Winner of the Secondary Schools category
Students' comment:

"This image was taken by one student and chosen by the class to submit. This collage comments on the impact pollution and consumerism can have on the people of London, especially children, who are the future of our city. I arranged bin bags and rubbish like objects around my friend. I then experimented with Photoshop with black and white and other filters. I tired cutting out different parts of the photos and combining them. In the end I really liked the black and white with the colour eye strip. It could symbolise younger generations watching as global warming and climate change becomes even more dangerous. It is frustrating how we have little say over what will affect us so much in our future.
 
What inspired me was looking around London and observing the sad scenes of rubbish scattered on almost every corner. One day, I was walking to school and I was heavily struck by the mountains of trash which foxes had infested. It made me really sad and disappointed."

Secondary School winners
Judges’ Comments:
 
“I really like the concept behind the image, and I think the use of the strip
of colour is striking and has a strong impact on the overall message being
portrayed. I like the way real thought has gone into the composition of the
image and the message the photographer wanted to get through." Hannah Penn, Business Administration Apprentice, City of London Corporation
 
"This image has been well thought through, planned and executed. Using
the band of colour highlighting the subject’s eyes draws our focus to the
gaze of the subject, seemingly suffocating under the pile of waste. Excellent
concept, congratulations to all the team involved in producing this image." Grant Smith, Photographer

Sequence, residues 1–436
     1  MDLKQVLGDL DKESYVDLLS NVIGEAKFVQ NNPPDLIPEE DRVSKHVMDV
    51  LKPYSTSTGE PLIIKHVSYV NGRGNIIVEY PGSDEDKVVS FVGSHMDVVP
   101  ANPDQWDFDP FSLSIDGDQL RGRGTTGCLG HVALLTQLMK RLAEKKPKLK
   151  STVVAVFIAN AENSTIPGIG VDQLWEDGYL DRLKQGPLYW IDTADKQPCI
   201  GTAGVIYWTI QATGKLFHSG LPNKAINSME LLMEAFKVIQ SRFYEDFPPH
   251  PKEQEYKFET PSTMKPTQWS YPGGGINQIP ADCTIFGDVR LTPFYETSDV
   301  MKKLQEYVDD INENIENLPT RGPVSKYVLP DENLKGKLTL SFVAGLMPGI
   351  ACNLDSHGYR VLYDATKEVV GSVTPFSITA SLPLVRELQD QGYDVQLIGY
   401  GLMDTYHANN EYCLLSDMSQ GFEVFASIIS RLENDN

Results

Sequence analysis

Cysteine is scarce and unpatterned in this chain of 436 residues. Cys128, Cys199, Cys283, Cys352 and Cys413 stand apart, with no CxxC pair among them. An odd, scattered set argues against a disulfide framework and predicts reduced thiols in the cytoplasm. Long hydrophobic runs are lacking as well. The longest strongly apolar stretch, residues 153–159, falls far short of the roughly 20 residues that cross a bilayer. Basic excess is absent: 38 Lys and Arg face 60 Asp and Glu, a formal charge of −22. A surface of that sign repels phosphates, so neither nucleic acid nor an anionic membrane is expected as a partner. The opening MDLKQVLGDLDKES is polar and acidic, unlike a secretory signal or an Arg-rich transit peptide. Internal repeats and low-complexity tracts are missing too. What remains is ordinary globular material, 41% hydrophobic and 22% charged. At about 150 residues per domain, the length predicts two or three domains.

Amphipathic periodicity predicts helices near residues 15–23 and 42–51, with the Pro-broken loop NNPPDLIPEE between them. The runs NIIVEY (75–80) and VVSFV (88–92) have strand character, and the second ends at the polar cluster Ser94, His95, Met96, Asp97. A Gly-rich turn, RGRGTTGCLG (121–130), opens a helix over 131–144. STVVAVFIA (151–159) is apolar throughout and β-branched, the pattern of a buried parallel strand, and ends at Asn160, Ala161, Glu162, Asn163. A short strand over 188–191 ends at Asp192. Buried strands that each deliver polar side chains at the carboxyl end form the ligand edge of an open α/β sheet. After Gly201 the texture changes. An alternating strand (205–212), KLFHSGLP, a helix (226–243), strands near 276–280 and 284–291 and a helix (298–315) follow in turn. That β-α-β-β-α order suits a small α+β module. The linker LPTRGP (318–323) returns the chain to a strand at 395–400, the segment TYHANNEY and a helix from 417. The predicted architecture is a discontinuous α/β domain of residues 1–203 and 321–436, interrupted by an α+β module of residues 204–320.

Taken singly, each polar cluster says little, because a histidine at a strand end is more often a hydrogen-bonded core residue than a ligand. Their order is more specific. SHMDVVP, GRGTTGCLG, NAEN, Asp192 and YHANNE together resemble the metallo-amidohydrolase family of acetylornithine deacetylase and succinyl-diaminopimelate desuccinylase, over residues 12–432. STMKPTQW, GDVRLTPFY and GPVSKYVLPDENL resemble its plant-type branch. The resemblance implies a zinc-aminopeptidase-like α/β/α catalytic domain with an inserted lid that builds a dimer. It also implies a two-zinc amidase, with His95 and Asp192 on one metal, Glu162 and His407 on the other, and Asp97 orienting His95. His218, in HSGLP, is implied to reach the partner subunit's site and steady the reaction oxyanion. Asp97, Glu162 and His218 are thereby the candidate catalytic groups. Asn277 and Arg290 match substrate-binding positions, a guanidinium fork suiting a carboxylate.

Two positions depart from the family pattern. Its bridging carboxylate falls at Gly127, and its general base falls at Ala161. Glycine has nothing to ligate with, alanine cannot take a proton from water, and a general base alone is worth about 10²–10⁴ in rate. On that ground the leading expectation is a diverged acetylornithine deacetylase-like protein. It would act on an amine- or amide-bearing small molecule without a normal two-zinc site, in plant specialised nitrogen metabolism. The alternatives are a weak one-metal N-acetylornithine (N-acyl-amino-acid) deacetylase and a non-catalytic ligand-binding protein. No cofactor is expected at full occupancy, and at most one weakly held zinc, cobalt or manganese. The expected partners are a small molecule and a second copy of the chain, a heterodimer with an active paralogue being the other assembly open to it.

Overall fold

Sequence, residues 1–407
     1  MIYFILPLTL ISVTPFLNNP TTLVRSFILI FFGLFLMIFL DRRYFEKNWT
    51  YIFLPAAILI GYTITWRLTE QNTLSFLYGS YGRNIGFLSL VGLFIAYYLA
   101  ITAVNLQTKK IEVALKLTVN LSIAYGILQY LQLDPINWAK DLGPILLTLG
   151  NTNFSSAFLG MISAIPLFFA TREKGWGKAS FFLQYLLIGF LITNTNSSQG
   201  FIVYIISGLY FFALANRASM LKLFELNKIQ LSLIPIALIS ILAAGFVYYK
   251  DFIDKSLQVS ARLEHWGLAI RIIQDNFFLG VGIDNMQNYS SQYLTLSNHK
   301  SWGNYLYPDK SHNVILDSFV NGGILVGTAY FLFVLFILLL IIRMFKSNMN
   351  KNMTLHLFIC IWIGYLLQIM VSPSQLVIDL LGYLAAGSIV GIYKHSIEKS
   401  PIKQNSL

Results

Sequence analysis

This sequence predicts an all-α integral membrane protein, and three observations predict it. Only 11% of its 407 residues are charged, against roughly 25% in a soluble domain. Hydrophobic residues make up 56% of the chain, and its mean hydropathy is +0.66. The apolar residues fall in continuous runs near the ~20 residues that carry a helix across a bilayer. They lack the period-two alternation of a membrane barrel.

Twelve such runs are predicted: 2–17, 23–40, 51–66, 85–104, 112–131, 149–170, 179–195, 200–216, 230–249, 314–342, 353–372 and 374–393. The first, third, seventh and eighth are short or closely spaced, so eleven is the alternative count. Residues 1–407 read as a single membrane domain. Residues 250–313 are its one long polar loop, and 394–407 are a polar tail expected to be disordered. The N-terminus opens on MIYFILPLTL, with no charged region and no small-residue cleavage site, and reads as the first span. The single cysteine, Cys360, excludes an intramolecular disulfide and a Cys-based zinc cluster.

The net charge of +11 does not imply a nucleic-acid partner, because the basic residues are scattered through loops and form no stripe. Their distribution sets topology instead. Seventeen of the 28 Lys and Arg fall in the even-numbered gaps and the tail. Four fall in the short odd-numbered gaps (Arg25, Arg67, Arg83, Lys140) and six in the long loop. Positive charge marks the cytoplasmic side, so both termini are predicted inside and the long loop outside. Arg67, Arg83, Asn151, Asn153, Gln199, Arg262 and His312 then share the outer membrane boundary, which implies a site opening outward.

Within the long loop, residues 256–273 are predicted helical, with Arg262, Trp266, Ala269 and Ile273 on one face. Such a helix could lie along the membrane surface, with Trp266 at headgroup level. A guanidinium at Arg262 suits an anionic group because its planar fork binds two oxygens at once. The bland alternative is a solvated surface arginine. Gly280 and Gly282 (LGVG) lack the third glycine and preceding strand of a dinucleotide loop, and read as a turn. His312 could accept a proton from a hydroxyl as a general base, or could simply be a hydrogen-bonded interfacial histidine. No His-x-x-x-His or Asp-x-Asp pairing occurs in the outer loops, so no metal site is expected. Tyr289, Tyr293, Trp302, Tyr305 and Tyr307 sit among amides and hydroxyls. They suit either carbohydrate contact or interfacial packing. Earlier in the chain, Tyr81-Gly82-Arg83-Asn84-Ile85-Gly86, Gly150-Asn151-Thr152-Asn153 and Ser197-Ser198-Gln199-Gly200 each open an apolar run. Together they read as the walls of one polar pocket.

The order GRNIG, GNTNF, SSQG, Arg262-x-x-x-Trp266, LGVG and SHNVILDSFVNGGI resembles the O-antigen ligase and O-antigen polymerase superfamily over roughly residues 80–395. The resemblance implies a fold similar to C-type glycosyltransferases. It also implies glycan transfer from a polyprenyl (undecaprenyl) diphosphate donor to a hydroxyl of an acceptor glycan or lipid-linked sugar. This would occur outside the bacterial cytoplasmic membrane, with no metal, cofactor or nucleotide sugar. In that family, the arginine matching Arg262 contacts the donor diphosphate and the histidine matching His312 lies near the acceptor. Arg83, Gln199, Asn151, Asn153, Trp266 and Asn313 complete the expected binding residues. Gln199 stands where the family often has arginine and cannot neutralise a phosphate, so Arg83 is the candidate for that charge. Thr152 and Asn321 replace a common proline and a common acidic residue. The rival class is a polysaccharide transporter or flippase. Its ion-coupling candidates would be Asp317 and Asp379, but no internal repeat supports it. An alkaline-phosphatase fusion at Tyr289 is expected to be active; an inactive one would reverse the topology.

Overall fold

Highly Commended Primary School category

Dwight School London
Year 6, Class M4
Highly Commended Primary School category
Students' comment:

"The reason I took this picture is because I like how when it rains all the gum looks like it is popping out when I took the picture I thought it was interesting how people throw away their gum and think that it will just go away but once it rains all the things people throw away pop out and are very easily seen. 

When introduced to this competition we looked at the photographer Chritain Marclay who photographs who focuses on the kerbside detritus of the streets in his current hometown, London."

Judges' comment:

"A well composed image, with a strong diagonal through the frame, balanced by the reflected blue light and the dots of gum on the opposite side. This image shows the photographer to be a keen observer of the everyday, an image like this reminds us of the rich visual world we inhabit." Grant Smith

Highly Commended Secondary School category

City of London School for Girls
Year 8, Class 8S
Highly Commended Secondary School category
Students' comment:

"A Cry for Help
Theme: the impact of waste & plastics on the environment from people to fish. Each pupil thought of their own slogan which was printed in the darkroom & they brought in packaging such as netting from fruit, old bottles which were used in the darkroom with real fish. The class discussed how to present the collaborative photograph which looks to a sustainable future for London and addresses the environmental challenges that Londoners face."

Judges' comment:

"I like the creative approach to this collage and the messaging behind it. I thought it was clever that the girls came up with their own wording and incorporated it into the images of the fish. In addition, the use of a dark room is a strong photographic skill and I think this is really effective in the way they have executed the piece." Hannah Penn

Winning entries will be exhibited at The City Centre, keep your eyes peeled for more details of the exhibition to follow.


Ilaria Vignolo

Ilaria Vignolo

Marketing and Communications Coordinator